Aspects of sexual ambiguity mark other figurines of the same period as the Perachora relief, in other places of Peloponnese, more precisely in Laconia. The typically Oriental female pose of the arms bent at the breasts returns in two figurines in some way defined as androgynous, one of terracotta, one of lead. The publication of the first one, which was found at Sparta in the Menelaion, is scarcely informative45 (fig. 11), but in spite of the summary modelling and the uncertain features of the face, the naked body is certainly male, the attitude of the arms, however, female. The second figurine, of lead, was also found in Sparta, but in the temple of Artemis Orthia46. All iconographic features correspond exactly to those of the terracotta figurine: nude male torso and arms bent at the breasts in the Oriental female pose (fig. 12).

The androgynous nature was typical of the primordial conception of Aphrodite. The cult and rites in honour of the androgynous goddess, a male version of whom is known with the name of A^poSixog47, were performed in different places of Cyprus, and literary mentions suggest that this cult flourished until late antiquity, although figural attestations seems to cease. The final orientation of Greek art towards full naturalism in the classical period did certainly not favour figural expressions of similar symbolic concepts. So, when the centrality of the ideal beauty of the human body was being confirmed, and the love for the eternal juvenile of the human forms transformed

Fig. 10. Perachora: birth of Bearded Aphrodite, terracotta

44

Sale 1961, 515; Skinner 2013, 31-32.

45 Dawkins, Wace, Thompson, Droop 1909, 120-121, fig. 3, no. 34.

46 Dawkins 1929, 271, pl. 193:5.

47 Pauly-Wissowa, RE, I, "Aphroditos".

Fig. 11. Sparta, Menelaion: androgynous figurine, terracotta

mature and bearded archaic gods like Dionysus and Hermes in handsome nude youths, adding, when necessary, an effeminate touch, the sexual representation of androgyny was substantially limited to characters like Hermaphrodite. A not exaggeratedly feminine breast could easily coexist with Hermaphrodite's young male body, producing a much more harmonious result than the application of a beard to a female face.

Considering the wide and lasting diffusion all over the ancient world of beliefs in primeval bearded goddesses, the creation of Phraates Il's Bearded Tyche can not surprise in an Oriental city like Seleucia-on-the-Tigris, certainly very sensible to the needs of symbolic expression of ancestral concepts and respectful of tradition. This attitude of mind sensible to continuity through adaptation and innovation was so strong in the Syro-Mesopotamian regions that around the turn to the vulgar era the naturalistic principles of the figural scenes were finally upset at the point that the paratactic rules of the new "Parthian frontality" replaced the realistic relations between the figures48.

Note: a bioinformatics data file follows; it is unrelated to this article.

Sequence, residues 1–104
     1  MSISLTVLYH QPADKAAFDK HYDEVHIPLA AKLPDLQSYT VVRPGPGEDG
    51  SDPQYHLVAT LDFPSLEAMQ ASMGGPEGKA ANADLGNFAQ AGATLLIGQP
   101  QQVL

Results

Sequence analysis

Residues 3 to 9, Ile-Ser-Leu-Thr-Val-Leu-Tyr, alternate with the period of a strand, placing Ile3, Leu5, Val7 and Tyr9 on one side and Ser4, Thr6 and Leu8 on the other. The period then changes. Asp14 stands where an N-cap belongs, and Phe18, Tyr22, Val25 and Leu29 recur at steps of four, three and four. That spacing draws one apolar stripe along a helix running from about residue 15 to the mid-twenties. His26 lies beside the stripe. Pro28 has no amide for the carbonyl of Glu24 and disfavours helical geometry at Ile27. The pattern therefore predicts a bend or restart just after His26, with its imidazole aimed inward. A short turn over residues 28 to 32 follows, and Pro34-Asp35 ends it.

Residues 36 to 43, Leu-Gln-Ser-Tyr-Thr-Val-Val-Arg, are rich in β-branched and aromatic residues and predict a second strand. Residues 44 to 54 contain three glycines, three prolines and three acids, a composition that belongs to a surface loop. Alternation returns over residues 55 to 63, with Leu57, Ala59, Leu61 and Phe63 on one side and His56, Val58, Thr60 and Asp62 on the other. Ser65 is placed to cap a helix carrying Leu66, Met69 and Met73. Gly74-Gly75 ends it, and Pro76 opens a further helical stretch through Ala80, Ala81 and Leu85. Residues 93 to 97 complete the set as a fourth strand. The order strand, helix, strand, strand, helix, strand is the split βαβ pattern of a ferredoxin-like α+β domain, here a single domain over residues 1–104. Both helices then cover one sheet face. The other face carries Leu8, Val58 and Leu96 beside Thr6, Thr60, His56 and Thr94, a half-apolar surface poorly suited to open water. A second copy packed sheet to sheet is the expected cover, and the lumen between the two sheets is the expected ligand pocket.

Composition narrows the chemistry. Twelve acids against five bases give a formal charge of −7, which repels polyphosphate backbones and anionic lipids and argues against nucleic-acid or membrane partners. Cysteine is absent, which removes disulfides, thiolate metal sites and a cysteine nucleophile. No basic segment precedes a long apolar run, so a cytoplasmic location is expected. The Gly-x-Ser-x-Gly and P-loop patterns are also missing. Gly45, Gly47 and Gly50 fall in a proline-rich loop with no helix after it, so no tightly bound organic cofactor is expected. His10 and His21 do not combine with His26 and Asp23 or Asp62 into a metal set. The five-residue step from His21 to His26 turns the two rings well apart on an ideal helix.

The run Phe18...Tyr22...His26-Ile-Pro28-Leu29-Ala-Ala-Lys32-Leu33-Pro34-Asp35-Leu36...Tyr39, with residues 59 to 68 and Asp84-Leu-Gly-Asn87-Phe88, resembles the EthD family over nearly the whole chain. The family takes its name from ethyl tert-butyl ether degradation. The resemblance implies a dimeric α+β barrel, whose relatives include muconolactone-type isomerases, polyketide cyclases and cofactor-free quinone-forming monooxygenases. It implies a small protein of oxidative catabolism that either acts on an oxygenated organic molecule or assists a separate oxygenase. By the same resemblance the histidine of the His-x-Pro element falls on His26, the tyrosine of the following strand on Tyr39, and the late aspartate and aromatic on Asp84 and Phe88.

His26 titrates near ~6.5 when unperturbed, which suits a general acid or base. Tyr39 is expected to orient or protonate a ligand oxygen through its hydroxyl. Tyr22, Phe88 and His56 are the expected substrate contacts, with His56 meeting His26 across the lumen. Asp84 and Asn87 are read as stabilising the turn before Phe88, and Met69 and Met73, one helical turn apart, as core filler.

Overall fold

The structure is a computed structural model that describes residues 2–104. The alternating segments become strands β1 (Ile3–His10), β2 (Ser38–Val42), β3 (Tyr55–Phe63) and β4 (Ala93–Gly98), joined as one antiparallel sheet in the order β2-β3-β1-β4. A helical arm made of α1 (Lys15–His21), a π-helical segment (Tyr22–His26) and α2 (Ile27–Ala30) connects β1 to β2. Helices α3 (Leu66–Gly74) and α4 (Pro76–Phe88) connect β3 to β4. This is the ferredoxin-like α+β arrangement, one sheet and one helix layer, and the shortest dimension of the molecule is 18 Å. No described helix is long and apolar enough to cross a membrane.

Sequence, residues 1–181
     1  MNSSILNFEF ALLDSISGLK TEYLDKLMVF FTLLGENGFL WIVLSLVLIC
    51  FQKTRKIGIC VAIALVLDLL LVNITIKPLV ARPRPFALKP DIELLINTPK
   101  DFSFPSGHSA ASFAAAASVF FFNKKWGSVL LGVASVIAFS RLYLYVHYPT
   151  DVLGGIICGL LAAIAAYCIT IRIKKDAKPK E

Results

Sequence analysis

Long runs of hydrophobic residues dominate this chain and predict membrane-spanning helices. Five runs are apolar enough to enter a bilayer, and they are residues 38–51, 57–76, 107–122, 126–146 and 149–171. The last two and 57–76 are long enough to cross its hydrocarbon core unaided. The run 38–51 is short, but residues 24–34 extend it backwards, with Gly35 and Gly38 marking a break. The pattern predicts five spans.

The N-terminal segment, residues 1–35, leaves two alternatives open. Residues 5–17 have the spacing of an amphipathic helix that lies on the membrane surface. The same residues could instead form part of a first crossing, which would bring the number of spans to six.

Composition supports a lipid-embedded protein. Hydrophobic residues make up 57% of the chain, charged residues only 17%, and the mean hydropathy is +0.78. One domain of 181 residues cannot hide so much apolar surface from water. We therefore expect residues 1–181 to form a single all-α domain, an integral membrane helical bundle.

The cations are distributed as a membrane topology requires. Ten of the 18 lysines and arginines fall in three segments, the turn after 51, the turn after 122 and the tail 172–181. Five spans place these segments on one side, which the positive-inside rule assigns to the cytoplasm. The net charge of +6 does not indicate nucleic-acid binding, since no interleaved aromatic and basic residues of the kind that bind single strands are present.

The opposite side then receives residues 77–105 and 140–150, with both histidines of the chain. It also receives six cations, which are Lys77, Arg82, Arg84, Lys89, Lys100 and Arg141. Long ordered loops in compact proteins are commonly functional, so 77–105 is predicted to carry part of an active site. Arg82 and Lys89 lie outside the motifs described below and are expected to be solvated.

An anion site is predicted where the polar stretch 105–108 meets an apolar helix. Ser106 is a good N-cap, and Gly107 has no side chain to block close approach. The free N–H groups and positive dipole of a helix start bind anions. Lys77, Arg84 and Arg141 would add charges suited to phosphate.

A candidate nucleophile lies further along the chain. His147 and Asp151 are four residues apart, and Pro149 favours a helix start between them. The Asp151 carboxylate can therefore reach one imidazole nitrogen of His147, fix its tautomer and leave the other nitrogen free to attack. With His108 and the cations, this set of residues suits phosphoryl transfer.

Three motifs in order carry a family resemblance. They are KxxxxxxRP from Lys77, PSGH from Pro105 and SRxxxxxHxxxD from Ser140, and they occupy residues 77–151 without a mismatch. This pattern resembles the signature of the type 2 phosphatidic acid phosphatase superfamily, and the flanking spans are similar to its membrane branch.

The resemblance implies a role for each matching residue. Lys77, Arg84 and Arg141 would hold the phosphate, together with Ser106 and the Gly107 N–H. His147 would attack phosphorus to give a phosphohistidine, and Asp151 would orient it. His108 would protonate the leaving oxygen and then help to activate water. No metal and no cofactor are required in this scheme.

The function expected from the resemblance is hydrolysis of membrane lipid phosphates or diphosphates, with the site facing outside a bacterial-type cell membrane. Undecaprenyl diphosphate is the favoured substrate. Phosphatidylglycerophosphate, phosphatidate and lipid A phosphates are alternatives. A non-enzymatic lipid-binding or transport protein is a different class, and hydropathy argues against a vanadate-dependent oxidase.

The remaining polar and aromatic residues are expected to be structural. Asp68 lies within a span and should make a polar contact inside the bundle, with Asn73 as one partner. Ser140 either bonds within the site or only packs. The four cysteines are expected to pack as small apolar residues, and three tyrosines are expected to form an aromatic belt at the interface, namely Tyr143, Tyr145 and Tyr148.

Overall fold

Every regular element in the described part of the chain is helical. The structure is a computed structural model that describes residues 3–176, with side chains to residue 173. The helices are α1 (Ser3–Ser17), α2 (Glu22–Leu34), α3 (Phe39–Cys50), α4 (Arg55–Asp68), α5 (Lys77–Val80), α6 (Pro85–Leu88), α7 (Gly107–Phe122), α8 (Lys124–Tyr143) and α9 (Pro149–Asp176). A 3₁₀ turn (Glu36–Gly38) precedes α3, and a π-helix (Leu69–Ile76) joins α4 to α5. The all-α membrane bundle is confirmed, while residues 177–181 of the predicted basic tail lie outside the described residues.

In the case of Phraates II's Tyche, designed as a highest primordial goddess by the beard, it must be said that her innermost Oriental identity as Nana can have represented the beginning of a new course in the iconography of the goddess, whose cult enjoyed a great fortune reaching Central Asia and Kushan India49. Although other images of Bearded Tyche are

48 Gawlikowski 1979.

49 Sinisi 2008, 236-237, notes 28-31, differentiates distinctly a Mesopotamian Ishtar/Nana from a Zoroastrian Parthian-Central Asian Ishtar/Nana. However, defining the precise individuality of gods sharing their names in the complex religious conditions of the Near East and Central Asia in Parthian and Sasanian times, which we could define with a modern expression globalized, is a task of difficult solution.

On the one hand, inscriptions rarely assure the identity of the images. On the other, that a temple of Nana is mentioned in Parthian Central Asia at Nisa (Bader 1996, 271), and that references to the goddess are common in Parthian onomastics, does not inform us more precisely on the specific character of the Parthian-Mesopotamian Nana, compared to the Bactrian-Kushan Nana or the Sogdian-Central Asian Nana. Divine identifications, their assimilations or correspondences remain general and hypothetical, and the representations could show different aspects of the same deity, or analogous regional goddesses. In the absence of more precise information of theological nature, we register the same names in far-off countries or note the existence of iconographic analogies or peculiarities in vast space-temporal territories extending from Mesopotamia to Central Asia and NW India, but are not in the position or reconstructing the individual personality of the gods and their setting.